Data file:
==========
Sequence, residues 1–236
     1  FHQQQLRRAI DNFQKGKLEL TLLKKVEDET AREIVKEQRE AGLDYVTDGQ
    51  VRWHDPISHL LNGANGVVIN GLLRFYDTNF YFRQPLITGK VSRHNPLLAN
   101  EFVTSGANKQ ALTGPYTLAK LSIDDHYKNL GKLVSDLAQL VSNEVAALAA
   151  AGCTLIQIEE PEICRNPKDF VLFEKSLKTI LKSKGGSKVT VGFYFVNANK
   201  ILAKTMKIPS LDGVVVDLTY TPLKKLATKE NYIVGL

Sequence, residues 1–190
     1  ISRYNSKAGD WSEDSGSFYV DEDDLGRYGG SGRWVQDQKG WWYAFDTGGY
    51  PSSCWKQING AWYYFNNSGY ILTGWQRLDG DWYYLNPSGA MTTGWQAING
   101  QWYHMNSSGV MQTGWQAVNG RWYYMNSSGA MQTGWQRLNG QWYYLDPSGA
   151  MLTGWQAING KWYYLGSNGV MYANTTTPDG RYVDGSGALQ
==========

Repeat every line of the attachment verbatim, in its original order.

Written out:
Sequence, residues 1–236
     1  FHQQQLRRAI DNFQKGKLEL TLLKKVEDET AREIVKEQRE AGLDYVTDGQ
    51  VRWHDPISHL LNGANGVVIN GLLRFYDTNF YFRQPLITGK VSRHNPLLAN
   101  EFVTSGANKQ ALTGPYTLAK LSIDDHYKNL GKLVSDLAQL VSNEVAALAA
   151  AGCTLIQIEE PEICRNPKDF VLFEKSLKTI LKSKGGSKVT VGFYFVNANK
   201  ILAKTMKIPS LDGVVVDLTY TPLKKLATKE NYIVGL

Sequence, residues 1–190
     1  ISRYNSKAGD WSEDSGSFYV DEDDLGRYGG SGRWVQDQKG WWYAFDTGGY
    51  PSSCWKQING AWYYFNNSGY ILTGWQRLDG DWYYLNPSGA MTTGWQAING
   101  QWYHMNSSGV MQTGWQAVNG RWYYMNSSGA MQTGWQRLNG QWYYLDPSGA
   151  MLTGWQAING KWYYLGSNGV MYANTTTPDG RYVDGSGALQ